On The Way To OSH: U.S. Air Force National Museum
AVweb doesn’t often review aviation museums—although we should.
The progression of flying technology housed in our military aircraft museums is fascinating for its scope and testament to the airmen, inventors, companies and manufacturing men and women who came before us.
I’ve seen a number of excellent museums: The National Air and Space Museum in Washington D.C. is a must see. So is the San Diego Air and Space museum. I enjoy them all—including the U.S. World War Two museum in downtown New Orleans. It’s short on airframes but every square inch in multiple buildings is well worth the sojourn.
But by far the best, in quantity, presentation, accessibility and sheer volume, is the stunning U.S. Air Force National Museum in Dayton, Ohio. You can visit the website to plan and preview your visit, but no amount of YouTube video will prepare you when your breath is taken away by the sheer audacity of the Air Force Museum collection.
My visit was on a Sunday, Memorial Day weekend, and the museum was a beehive of activity. When you walk from the parking area through the memorial park with hundreds of plaques and markers commemorating long-forgotten Bomb Groups and individual sacrifices, you remember what this museum represents in blood and treasure spent to preserve freedom.
Check the losses of the Mighty Eighth (Eighth Air Force in World War Two) for reference: over 26,000 airmen killed in action, with over 4,100 bombers lost.
If you go—and I recommend you do—prepare for at least a full day of OMGs. I was there three hours. It was overwhelming. Here are some observations from my notes that day:
The just-arrived Memphis Belle was the best B-17 aircraft preservation I have ever seen, better than new.
The newly opened Hangar #4 with the B-70 Valkyrie, my favorite airplane of all time, resides there. It’s surrounded by an array of space hardware, Muroc lake X planes and a full-size Titan rocket.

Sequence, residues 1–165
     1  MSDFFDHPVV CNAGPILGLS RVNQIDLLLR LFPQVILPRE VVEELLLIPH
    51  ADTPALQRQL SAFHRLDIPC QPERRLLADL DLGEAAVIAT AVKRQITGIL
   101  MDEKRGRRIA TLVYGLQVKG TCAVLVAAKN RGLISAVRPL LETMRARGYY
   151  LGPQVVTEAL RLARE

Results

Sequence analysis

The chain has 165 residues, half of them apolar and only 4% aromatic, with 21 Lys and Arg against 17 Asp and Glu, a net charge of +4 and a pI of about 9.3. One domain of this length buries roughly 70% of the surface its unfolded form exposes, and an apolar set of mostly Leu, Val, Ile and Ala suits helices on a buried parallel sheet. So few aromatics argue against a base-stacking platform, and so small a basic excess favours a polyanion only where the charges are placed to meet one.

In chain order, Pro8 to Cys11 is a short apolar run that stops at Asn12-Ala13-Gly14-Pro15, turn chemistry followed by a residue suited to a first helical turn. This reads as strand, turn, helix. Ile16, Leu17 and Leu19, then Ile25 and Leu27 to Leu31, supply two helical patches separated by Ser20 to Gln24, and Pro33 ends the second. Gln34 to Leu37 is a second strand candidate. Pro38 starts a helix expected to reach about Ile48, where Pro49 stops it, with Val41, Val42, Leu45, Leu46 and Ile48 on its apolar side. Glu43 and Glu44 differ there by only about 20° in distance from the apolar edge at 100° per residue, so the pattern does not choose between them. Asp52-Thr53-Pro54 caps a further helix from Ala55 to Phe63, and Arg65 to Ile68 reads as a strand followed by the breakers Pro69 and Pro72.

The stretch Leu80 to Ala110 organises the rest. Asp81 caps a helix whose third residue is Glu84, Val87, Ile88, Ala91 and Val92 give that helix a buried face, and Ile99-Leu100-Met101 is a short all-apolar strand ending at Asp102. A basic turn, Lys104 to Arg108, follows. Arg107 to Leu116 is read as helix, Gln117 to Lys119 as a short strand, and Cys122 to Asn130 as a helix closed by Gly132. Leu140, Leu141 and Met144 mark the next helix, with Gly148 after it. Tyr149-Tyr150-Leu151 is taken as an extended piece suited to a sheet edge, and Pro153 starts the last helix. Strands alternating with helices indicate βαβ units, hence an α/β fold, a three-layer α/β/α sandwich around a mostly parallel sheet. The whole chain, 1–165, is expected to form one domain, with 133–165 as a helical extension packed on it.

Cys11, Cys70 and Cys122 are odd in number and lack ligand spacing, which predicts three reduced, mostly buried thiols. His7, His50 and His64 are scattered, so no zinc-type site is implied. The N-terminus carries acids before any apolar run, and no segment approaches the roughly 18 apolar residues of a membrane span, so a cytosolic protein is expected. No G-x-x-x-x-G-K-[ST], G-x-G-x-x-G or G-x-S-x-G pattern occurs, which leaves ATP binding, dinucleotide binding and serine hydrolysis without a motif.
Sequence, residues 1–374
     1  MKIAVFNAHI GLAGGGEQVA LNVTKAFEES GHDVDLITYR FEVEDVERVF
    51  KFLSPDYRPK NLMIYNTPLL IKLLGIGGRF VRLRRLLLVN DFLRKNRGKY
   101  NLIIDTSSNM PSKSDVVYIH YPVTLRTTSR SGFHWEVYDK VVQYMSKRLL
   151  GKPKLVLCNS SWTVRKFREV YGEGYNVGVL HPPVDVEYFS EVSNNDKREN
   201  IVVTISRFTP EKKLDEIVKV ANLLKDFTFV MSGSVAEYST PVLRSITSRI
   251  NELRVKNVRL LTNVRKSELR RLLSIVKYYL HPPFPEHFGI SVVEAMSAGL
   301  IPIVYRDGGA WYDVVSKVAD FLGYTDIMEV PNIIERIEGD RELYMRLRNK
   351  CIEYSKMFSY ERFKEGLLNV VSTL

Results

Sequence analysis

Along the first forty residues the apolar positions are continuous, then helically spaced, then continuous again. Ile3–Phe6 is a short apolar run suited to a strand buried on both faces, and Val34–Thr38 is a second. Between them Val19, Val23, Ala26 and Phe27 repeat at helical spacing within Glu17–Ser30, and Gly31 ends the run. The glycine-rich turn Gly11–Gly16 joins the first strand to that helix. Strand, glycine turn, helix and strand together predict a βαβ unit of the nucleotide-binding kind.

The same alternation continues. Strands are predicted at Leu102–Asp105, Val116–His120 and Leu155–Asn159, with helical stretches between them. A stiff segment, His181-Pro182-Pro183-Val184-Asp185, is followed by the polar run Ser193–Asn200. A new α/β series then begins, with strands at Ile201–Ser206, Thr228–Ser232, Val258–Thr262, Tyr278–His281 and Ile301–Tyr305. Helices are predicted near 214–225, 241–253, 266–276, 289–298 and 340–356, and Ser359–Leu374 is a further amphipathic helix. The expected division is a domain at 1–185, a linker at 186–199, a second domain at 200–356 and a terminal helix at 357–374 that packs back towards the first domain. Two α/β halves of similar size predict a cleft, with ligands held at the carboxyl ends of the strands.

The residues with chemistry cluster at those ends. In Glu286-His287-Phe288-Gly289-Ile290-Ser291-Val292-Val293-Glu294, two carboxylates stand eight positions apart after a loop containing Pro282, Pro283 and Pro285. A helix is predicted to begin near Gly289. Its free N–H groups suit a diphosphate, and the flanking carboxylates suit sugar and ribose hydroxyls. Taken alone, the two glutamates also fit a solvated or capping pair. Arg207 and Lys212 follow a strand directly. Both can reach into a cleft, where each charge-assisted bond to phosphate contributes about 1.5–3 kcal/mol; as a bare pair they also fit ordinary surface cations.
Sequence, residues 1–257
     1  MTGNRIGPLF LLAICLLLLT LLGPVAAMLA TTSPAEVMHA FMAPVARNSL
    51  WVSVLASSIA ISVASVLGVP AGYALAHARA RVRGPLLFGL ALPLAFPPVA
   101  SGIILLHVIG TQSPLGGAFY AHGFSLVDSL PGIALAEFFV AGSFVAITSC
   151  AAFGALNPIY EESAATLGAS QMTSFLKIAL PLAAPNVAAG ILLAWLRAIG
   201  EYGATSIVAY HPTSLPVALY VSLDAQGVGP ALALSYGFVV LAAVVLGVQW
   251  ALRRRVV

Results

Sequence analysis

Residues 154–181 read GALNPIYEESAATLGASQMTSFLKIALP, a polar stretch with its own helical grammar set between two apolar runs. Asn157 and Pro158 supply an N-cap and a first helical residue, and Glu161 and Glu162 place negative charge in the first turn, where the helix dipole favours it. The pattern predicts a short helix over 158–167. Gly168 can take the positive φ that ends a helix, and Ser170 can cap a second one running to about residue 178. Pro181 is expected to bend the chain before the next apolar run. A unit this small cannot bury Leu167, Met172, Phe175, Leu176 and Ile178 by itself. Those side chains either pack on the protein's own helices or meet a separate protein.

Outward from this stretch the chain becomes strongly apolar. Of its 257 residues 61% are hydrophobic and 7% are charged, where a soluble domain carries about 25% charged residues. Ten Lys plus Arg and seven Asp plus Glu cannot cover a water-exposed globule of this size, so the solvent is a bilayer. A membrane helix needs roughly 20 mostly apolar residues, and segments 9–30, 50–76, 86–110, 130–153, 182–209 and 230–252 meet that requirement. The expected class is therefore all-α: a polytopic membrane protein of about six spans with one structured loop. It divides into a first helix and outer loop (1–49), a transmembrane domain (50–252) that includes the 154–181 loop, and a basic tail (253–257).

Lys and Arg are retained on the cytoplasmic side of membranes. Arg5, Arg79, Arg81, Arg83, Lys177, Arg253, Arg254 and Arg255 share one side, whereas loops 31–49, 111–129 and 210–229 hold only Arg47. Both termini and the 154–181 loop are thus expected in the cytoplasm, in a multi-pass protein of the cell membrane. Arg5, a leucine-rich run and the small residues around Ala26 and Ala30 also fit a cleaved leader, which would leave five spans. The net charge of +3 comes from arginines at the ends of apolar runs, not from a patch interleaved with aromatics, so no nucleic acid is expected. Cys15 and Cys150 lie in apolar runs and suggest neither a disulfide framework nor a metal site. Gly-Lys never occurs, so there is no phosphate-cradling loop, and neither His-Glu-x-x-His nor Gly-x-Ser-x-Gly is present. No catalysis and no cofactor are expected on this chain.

The workmanship on the surviving B-70 made the white-painted titanium skins look like flawless glass.
There are airplanes that few Americans have ever noticed and a few that are unimaginably fast, huge, complicated and costly.
As a cold war baby who was instructed how to hide under my desk in the event of a thermonuclear blast in the neighborhood, Hangar #3 at the museum was probably my favorite. Take a look at this gallery:
The B-36, successor to the B-29 and the world’s first truly trans-hemisphere strategic bomber, was overwhelming. The size of that magnificent 10-engine Cold War dreadnaught was stunning. Men built and flew this thing, somehow, and this airplane never fired a shot or dropped a single bomb.
General Jimmy Stuart made that beast famous in “Strategic Air Command” with co-star June Allison as the devoted wife. Stuart also flies the B-47 in the movie. Ironic today that the B-36 flew Strategic Air Command missions everywhere but the Korean peninsula as far as we know, during the Korean War, and might have nuked the Chinese if Douglas MacArthur had his way.
Among other things that astounded me were the airplanes that were cast in roles never intended by designers—but used to various degrees of success and fatalities in the desperate race to achieve air superiority no matter the human cost.
For example, I relearned that B-47 pilots trained, sometimes tragically, to toss nukes while performing a multi-G vertical climb into a full Immelmann to escape H-Bomb blast effects. They often ran out of airspeed or over-stressed that skinny wing. I don’t think a B-47 ever dropped an iron bomb in anger either.
No matter what model airplane I built as an 11-year-old airplane nut, like the SR-71, F-4 or B-70, it was there. There were more than one can ever catalog in their memory banks including spacecraft, drones, nuclear weapons, and every fighter and bomber the Air Force or Air Corps every flew to name a few.
There’s no C-5A galaxy. Not because this place isn’t big enough—it is—but probably because these national assets are still flying every day.
But wait, there’s more to Dayton for aviation history buffs.
A five- or ten-minute drive skirting the fence of the huge Wright Patterson AFB is the Ohio version of the Wright Brothers memorial on a bluff overlooking the twin runways about three miles distant. It’s atop a Native American burial mound with a type of circular promenade surrounding a twenty-foot column and plaque. Other plaques also commemorate the nearby pasture where Orv and Wil perfected the world’s first closed circuit sustained flights.
I visited that pasture, which is hard to find, largely undeveloped and barely cared for by the Park Service. It’s a pasture with reproduced shed, a launch rail and a 12-foot Derrick used to catapult the first Wright Flyer and successive airframes.
It is not fitting that the pasture is barely mowed or that any significant marker, monument or anything worthy of note exists there. Of course, nearby Dayton is also the home of the Wright brothers' bicycle shop where the world’s first wind tunnel and the Wright Flyer was built. I plan to stop by next time I visit.
If you have the opportunity— I would suggest that anyone flying from the East Coast to Air Venture should make a fuel stop and experience the Air Force Museum this summer. Say hey to Wil and Orv too.